Low and alcohol-free drinks gain popularity
Consumer lifestyle choices continue to influence the market evolution of alcoholic drinks. Despite a global decrease in alcoholic consumption, interest in low and non-alcoholic beverages has been gaining popularity over the last few years, starting with Europe and Asia, and extending worldwide. Already present prior to the Covid-19 pandemic, the trend for moderation and healthy living has been fuelled by the worldwide health crisis, creating demand for low alcoholized and alcohol-free beverages, just like plant-based alternatives took the spotlight in the food segment for the past year. Most receptive to this trend are Millennials and gen Z-ers who are avid of leading a healthy lifestyle, but more and more of the elderly population seems to be looking to cut back on alcohol intake for medical reasons as well as wellbeing in general.
The leading product in low or non-alcoholic beverages is beer and beer alternatives due to constant innovations regarding taste and the variety available on the market, followed by spirits and dealcoholized wine who is steadily evolving. There is a lot of space for innovation and evolution for this segment on the market, creating many opportunities for producers and traders around the world. According to IWSR, the no-/low alcohol segment is a trend for the future, forecasted to increase by 31% in volume by 2024.
Global wine consumption in decline
According to the International Organisation of Vine and Wine (OIV), worldwide wine consumption in 2020 was down by 3% compared to 2019, reaching the lowest level since 2002. Moreover, wine exports seem to have stalled worldwide, leading to a drop in price and a decrease of 1,7 in terms of volume.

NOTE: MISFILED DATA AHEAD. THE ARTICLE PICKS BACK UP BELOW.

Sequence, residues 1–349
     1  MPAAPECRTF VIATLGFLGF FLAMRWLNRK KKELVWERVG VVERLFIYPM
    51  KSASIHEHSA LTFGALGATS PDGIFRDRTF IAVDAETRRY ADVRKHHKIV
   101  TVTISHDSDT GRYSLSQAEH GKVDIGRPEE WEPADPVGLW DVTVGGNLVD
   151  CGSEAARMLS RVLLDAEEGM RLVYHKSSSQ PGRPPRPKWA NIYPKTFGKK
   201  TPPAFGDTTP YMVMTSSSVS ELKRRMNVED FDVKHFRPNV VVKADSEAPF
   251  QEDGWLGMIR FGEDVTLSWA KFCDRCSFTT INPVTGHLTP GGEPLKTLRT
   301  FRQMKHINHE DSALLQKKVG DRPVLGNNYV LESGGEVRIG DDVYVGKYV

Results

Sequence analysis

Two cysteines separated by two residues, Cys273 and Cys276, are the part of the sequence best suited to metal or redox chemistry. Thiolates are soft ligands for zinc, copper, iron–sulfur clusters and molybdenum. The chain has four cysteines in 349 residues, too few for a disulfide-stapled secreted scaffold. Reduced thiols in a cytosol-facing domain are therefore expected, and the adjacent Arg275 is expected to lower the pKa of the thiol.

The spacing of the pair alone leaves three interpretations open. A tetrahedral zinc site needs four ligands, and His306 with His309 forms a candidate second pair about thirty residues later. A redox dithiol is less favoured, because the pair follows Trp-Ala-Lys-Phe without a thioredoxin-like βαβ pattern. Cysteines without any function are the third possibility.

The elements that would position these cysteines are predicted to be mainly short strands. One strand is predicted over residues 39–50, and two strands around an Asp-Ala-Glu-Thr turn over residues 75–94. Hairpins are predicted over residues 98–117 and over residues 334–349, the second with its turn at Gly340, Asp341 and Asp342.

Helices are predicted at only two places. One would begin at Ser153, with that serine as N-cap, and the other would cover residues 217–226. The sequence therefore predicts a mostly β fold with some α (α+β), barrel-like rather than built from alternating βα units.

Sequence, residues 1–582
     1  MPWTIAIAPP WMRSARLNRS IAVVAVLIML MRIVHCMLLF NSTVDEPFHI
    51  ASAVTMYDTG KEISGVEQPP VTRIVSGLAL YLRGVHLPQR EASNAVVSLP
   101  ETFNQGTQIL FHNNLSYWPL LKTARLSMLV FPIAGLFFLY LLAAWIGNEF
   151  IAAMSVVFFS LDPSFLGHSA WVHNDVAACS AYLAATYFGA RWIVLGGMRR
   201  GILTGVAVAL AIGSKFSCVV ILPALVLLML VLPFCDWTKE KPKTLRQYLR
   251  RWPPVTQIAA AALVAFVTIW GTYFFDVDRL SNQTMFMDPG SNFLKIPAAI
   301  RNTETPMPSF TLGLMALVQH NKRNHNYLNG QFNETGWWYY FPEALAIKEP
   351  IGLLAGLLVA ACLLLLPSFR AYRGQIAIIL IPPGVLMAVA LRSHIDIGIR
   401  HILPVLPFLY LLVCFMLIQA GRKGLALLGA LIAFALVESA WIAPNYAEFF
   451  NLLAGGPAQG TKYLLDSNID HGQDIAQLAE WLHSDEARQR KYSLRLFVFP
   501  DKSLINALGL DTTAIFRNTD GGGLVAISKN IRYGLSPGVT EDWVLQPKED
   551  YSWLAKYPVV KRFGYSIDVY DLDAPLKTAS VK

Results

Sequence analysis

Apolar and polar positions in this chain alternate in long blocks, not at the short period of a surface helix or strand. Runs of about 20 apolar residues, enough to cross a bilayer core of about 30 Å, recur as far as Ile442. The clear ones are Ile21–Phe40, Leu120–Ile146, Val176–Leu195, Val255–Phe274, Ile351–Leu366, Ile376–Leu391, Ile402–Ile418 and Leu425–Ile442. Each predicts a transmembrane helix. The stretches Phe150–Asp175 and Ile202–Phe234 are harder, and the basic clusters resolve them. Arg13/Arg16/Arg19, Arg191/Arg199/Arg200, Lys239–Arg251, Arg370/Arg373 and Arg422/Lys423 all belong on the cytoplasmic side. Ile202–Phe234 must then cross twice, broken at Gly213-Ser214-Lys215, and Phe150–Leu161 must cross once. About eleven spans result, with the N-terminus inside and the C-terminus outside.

The main factor that leads to major changes in the global wine scene seems to be the Coronavirus crisis, more precisely the measures taken to secure the virus spread, including the distribution channels shift, changes in consumption, as well as tourism travel and Horeca restrictions or closure. On the other hand, wine trade and consumption were also affected by new policies and tariffs, including global sales bans, the Brexit situation, the US tax imposed on EU wines over the subsidies dispute or the China-Australia conflict.
Late frost strikes South-European vineyards
After the Covid distress and “the Trump tax”, in mid-March, French vintners and fruit farmers were battling devastating frost damage, as low as -6C/21.2°F, being one of the worst frosts in decades. More than 70% of French vintners from the entire country has suffered significant damage to this year`s crop, including major wine regions like Bordeaux or Rhône Valley. Under these circumstances, small barrels with fuel were lit across vineyards to leverage temperatures and save the bloomed buds while the French government expressed the willingness to financially compensate the loss.
A few days later, Italy, especially the north and centre part of the country, is another victim of frostbite after weeks of warm weather. Most affected are the Piedmont and Tuscany regions, although early investigations show less damage than the French counterpart. Winemakers continue to evaluate the impact and tend the land, remaining vigilant to cold temperatures forecasted to last until the end of May.